PERC (perchloroethylene) is the dominant solvent in the dry cleaning industry, accounting for 80% to 85% of all dry cleaning fluids used by conventional dry cleaners to clean garments – this despite being toxic and known as a health and environmental hazard. 

It’s a colourless, non-flammable chemical, which has more recently been banned in France, parts of the US and other European countries because of the risks that come with using PERC.

Wet Cleaning

Fabrics are hand-treated with more natural pre-spotting products and then garments are cleaned with water and biodegradable detergents in specialist machines. This means the water used is heated on demand, which minimises energy usage and reduces polluting toxins going into the air and water supply.

Wet cleaning machines work at much lower temperatures than traditional dry cleaning, and hence, are more gentle on fibres. They calculate individual cycles for each type of fabric or garment type (be it wool, cashmere, silk, lace, etc).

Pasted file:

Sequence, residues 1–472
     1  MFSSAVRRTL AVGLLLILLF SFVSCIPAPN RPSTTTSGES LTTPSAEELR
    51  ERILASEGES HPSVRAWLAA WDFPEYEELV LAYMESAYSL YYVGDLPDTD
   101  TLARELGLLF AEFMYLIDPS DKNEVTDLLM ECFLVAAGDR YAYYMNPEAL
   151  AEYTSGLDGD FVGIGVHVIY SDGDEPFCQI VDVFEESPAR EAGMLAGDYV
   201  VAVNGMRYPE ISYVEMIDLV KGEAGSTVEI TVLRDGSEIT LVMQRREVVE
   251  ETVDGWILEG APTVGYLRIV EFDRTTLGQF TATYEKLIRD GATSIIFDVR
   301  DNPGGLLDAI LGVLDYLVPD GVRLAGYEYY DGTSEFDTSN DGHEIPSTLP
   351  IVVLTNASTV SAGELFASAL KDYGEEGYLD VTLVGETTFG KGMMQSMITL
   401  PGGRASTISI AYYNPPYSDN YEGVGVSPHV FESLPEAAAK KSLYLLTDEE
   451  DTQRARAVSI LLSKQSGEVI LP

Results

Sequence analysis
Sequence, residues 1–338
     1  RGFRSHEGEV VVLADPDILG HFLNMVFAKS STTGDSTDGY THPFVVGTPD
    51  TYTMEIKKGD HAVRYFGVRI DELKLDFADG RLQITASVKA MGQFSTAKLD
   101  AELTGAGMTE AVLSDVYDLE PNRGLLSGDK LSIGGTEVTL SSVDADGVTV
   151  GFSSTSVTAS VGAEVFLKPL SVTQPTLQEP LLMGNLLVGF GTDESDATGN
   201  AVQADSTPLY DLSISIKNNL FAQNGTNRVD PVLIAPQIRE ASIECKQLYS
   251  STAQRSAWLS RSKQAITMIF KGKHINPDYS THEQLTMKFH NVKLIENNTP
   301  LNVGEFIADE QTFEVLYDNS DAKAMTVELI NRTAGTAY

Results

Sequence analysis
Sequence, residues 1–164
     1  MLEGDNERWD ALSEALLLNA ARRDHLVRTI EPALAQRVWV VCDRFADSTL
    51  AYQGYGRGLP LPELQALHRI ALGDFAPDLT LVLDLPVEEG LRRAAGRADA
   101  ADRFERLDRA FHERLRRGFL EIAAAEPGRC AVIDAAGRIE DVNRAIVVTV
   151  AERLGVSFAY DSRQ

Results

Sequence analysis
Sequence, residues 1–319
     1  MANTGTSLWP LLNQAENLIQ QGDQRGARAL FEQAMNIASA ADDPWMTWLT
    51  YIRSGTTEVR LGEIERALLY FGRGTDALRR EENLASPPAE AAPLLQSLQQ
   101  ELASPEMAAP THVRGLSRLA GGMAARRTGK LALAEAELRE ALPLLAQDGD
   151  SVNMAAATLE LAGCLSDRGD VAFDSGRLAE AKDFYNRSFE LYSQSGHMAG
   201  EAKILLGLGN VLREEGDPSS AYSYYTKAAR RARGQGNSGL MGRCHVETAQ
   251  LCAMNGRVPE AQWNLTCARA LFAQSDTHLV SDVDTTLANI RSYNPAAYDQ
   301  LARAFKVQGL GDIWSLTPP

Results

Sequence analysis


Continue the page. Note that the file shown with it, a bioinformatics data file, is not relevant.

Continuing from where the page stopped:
Essentially, wet cleaning combines artisan care with expert technology, and provides a much higher quality outcome. The process leaves garments softer, brighter and fresher. 

MOT offers this sustainable aftercare service in partnership with BLANC.


Greenhouse Gases

Known as GHGs, these are compound gases that trap heat or longwave radiation in the atmosphere. Their presence in the atmosphere makes the Earth's surface warmer. Sunlight or shortwave radiation easily passes through these gases and the atmosphere.

In partnership with Ecologi, every MOT purchase funds an offset to your carbon footprint by reducing GHG emissions from the atmosphere.

Mangrove Trees

Mangroves are ecologically and economically important forested wetlands with the highest carbon density of all terrestrial ecosystems. 

Because of their exceptionally large carbon stocks and importance as a coastal buffer, their protection and restoration has been proposed as an effective mitigation strategy for climate change.

In partnership with Ecologi, every MOT purchase funds an offset to your carbon footprint by planting mangrove trees.

Terrestrial Ecosystem

Terrestrial ecosystems are found on land. Examples include tundra, taiga, temperate deciduous forest, tropical rain forest, grassland, and deserts.